av8r
 
Hot Air Coal Stoker Furnace: Leisure Line Hearth with twin turbos (sounds like it)
Stove/Furnace Make: Leisure Line
Stove/Furnace Model: Hearth model with twin turbos

Re: Power Vent Systems

PostBy: budboy24 On: Wed Jan 30, 2008 12:19 am

I purchased a Leisure Line Stove including the Power Vent three years ago. I have had absolutely no problems with the venting system moving it this fall from the family room into the diningroom. It now heats the entire 1400 sq ft ranch home and my oil furnace has not kicked on once all winter ( lowest temp outside -5 degrees). The power vent is not difficult to install and I havent smelled any fumes for three years. It of course comes with a required CO2 detector. Make sure you look on leisure lines website (leisurelinestoves.com) to give you instructions and guidelines for where and how to install the power vent. I bought the econoline, their most ecomomical model and the heat theat it generates is quite impressive. I would recommend the power vent.
budboy24
 
Stove/Furnace Make: Leisure Line Stoker
Stove/Furnace Model: Econoline

Re: Power Vent Systems

PostBy: WNY On: Wed Jan 30, 2008 8:49 am

The biggest thing on any type of stove is the yearly maintenance after shutdown, clean, lube, vacuum etc...that keeps all the parts working the way they should for next season.
WNY
 
Hot Air Coal Stoker Stove: Keystoker 90K, Leisure Line Hyfire I
Coal Size/Type: Rice
Stove/Furnace Make: Keystoker, LL & CoalTrol
Stove/Furnace Model: 90K, Hyfire I, VF3000 Soon

Re: Power Vent Systems

PostBy: Rick 386 On: Wed Jan 30, 2008 5:56 pm

Matthaus,

Did you have any problem installing it on the keystoker ????

Looks like we will be driving up to see Jerry this Saturday to pick one up for my son's Keystoker 90 that he just bought used.

Just trying to anticipate any potential problems that might come up.

He is anxious to get it going but we want to do it correctly. The only potential "fly in the ointment" may be that the borough where he lives may require a permit and code inspection before he can fire the bugger up.


Rick
Rick 386
 
Stoker Coal Boiler: AA 260 heating both sides of twin farmhouse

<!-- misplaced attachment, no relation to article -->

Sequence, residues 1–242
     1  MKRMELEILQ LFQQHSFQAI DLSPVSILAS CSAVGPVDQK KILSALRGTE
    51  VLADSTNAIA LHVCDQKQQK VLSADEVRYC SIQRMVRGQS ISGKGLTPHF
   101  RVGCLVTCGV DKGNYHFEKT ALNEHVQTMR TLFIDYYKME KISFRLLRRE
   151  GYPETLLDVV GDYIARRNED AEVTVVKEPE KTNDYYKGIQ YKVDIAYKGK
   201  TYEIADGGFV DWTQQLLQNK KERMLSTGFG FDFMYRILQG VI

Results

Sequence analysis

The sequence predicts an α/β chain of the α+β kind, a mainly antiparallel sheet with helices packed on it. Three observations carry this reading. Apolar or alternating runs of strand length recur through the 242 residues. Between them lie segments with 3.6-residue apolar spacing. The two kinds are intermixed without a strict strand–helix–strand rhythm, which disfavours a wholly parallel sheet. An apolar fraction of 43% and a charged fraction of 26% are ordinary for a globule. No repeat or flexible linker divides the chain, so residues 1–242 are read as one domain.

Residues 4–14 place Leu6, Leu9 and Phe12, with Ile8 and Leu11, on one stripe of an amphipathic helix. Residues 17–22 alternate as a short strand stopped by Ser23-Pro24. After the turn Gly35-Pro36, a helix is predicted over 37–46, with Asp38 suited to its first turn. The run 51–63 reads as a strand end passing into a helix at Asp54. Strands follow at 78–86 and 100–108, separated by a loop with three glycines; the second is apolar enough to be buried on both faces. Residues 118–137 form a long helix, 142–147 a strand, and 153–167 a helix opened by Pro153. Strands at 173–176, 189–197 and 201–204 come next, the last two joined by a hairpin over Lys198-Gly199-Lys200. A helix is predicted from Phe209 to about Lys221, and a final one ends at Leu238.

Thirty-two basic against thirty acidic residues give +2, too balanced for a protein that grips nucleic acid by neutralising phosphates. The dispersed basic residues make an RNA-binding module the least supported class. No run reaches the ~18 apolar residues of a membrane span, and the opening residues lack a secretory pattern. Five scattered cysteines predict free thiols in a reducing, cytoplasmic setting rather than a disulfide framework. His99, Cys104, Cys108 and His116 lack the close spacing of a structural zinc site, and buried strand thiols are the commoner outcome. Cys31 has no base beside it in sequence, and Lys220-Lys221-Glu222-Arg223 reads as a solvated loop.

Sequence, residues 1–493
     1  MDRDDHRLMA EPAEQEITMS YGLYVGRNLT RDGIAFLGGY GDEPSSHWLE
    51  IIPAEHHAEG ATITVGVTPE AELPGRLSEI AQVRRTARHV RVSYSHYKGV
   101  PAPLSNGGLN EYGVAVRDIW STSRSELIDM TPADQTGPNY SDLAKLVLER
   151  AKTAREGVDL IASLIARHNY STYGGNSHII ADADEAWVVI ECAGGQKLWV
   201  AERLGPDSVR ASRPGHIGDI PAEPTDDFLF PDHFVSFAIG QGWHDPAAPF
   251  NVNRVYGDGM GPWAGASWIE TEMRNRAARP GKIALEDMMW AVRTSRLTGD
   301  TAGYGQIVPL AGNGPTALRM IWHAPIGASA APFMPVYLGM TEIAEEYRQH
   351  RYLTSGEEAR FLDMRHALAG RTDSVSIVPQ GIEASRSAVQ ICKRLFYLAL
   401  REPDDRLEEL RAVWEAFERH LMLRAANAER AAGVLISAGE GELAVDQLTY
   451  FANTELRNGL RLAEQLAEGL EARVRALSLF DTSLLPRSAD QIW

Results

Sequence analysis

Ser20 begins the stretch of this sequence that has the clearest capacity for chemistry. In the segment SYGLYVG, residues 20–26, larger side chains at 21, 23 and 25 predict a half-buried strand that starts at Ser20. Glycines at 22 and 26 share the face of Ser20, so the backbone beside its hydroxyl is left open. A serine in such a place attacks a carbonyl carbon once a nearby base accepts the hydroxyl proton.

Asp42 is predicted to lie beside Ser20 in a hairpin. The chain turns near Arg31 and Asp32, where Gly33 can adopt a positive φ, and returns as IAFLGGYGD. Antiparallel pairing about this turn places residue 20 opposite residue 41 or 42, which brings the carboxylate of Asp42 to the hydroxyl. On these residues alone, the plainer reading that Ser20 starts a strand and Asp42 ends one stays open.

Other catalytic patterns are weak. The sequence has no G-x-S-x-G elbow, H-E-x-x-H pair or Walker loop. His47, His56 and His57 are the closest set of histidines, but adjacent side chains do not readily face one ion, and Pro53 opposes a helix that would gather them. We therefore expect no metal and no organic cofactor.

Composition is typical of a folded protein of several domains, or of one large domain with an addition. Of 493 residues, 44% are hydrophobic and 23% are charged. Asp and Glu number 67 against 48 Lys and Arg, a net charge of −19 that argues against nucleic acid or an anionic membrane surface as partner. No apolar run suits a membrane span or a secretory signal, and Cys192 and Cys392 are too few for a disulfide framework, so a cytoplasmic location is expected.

Hot Air Coal Stoker Stove: LL Hyfire II w/ coaltrol in garage
Coal Size/Type: Pea in AA 260, Rice in LL Hyfire II
Other Heating: Gas fired infared at work

Re: Power Vent Systems

PostBy: Matthaus On: Thu Jan 31, 2008 12:57 am

Rick 386 wrote:Matthaus, Did you have any problem installing it on the keystoker ? Looks like we will be driving up to see Jerry this Saturday to pick one up for my son's Keystoker 90 that he just bought used.


Hi Rick, the unit you are purchasing comes from the best source (the owner of the UL listing for PV use with solid fuel burning appliance). As others have stated the instructions come with the unit and you should have an easy time. Make sure you install enough CO detectors. I like to have them outside each sleeping area in the house and a digital read out type right by the stove. Also as mentioned you should purchase a means to measure the draft (a draft gauge or manometer).

I have installed two power vents (one in the garage and one in the house), the install has less to do with the particular stove then the basics of the install. Make sure you have a barometric damper, make sure you have a rheostat to control the draft, and make sure you have method to measure the draft and check it often.

Hope you are able to fire up the stove this weekend. Keep us posted. :)
Matthaus
 
Stoker Coal Boiler: Leisure Line WL110 Dual Fuel
Hot Air Coal Stoker Stove: Leisure Line Lil' Heater (rental house)
Coal Size/Type: Rice and Buckwheat Anthracite

Re: Power Vent Systems

PostBy: traderfjp On: Thu Jan 31, 2008 1:24 am

I would add that the power venter is probably a lot quiter than a Direct vent since the motor sits outside. Also, my stove has a fan to wash the heat off the stove and that is a bit noisy too and is usually louder then my DV motor.
traderfjp
 
Stove/Furnace Make: Alaska
Stove/Furnace Model: Channing 3

Re: Power Vent Systems

PostBy: vegeta_ban On: Wed Nov 14, 2012 3:55 pm

Matthaus wrote:Welcome to the forum al, you will find that Direct Vent and Power Vent can be used interchangeably in a most confusing manor. :cry: I have provided the generally accepted descriptions for each. I'm sure others will chime in to provide their particular views. :)